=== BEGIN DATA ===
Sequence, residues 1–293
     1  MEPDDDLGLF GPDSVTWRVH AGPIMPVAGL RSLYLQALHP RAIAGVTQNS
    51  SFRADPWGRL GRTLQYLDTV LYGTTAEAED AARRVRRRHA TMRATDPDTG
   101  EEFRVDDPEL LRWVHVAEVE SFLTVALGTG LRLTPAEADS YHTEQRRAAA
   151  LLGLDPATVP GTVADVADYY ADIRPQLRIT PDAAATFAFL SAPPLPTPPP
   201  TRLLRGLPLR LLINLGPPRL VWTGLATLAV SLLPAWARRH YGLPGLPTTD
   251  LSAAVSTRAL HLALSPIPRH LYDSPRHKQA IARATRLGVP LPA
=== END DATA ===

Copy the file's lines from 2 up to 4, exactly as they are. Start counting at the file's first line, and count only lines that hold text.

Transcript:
     1  MEPDDDLGLF GPDSVTWRVH AGPIMPVAGL RSLYLQALHP RAIAGVTQNS
    51  SFRADPWGRL GRTLQYLDTV LYGTTAEAED AARRVRRRHA TMRATDPDTG
   101  EEFRVDDPEL LRWVHVAEVE SFLTVALGTG LRLTPAEADS YHTEQRRAAA